16 C. KRATTENTHALER

Āµ of some maximal degree, m say. How can we determine this polynomial? Nothing

āsimplerā than that: We ļ¬nd m + 1 values e such that we are able to evaluate det(M)

at Āµ = e. If we then set Āµ = e in (2.21) and solve for (UGLY POLYNOMIAL), then we

obtain evaluations of (UGLY POLYNOMIAL) at m + 1 diļ¬erent values of Āµ. Clearly,

this suļ¬ces to ļ¬nd (UGLY POLYNOMIAL), e.g., by Lagrange interpolation.

I put āsimplerā in quotes, because it is here where the crux is: We may not be able

to ļ¬nd enough such special evaluations of det(M). In fact, you may object: ā˜Why all

these complications? If we should be able to ļ¬nd m + 1 special values of Āµ for which

we are able to evaluate det(M), then what prevents us from evaluating det(M) as a

whole, for generic Āµ?ā™ When I am talking of evaluating det(M) for Āµ = e, then what I

have in mind is that the evaluation of det(M) at Āµ = e is āniceā (i.e., gives a āclosed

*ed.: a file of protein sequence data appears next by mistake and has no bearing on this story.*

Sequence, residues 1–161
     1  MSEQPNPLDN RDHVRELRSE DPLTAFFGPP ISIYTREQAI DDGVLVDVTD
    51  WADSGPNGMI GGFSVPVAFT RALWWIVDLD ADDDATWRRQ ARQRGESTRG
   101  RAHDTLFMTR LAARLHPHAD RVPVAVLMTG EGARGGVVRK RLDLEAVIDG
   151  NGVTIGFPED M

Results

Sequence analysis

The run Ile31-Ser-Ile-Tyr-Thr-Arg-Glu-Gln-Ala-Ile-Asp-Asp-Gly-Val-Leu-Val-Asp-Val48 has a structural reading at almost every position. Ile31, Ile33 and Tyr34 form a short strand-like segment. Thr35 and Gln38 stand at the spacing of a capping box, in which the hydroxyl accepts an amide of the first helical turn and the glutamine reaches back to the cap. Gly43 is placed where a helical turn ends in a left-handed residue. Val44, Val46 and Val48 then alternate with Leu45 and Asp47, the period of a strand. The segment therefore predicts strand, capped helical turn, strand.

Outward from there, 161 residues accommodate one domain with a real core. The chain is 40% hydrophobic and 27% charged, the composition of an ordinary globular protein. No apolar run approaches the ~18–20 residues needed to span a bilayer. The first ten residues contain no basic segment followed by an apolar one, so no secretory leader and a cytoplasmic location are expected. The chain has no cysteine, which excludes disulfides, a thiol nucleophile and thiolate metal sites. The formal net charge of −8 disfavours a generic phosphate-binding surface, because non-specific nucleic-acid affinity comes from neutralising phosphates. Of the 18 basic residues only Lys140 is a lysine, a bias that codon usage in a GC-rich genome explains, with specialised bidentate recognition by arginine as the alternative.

form,ā with no āuglyā expression involved, such as in (2.21)), which is easier to identify

(that is, to guess; see Appendix A) and in most cases easier to prove. By experience,

such evaluations are rare. Therefore, the above described procedure will only work if

the degree of (UGLY POLYNOMIAL) is not too large. (If you are just a bit short of

evaluations, then ļ¬nding other informations about (UGLY POLYNOMIAL), like the

leading coeļ¬cient, may help to overcome the problem.)

To demonstrate this procedure by going through a concrete example is beyond the

scope of this article. We refer the reader to [28, 43, 50, 51, 89, 90] for places where this

procedure was successfully used to solve diļ¬cult enumeration problems on rhombus

tilings, respectively prove a conjectured constant term identity.

2.5. A differential/difference equation method. In this section I outline a

method for the evaluation of determinants, often used by Vitaly Tarasov and Alexander

Varchenko, which, as the preceding method, also requires (at least) one parameter.

Suppose we are given a matrix M = M(z), depending on the parameter z, of which

we want to compute the determinant. Furthermore, suppose we know that M satisļ¬es

a diļ¬erential equation of the form

d

M(z) = T (z)M(z), (2.22)

dz

where T (z) is some other known matrix. Then, by elementary linear algebra, we obtain

a diļ¬erential equation for the determinant,

d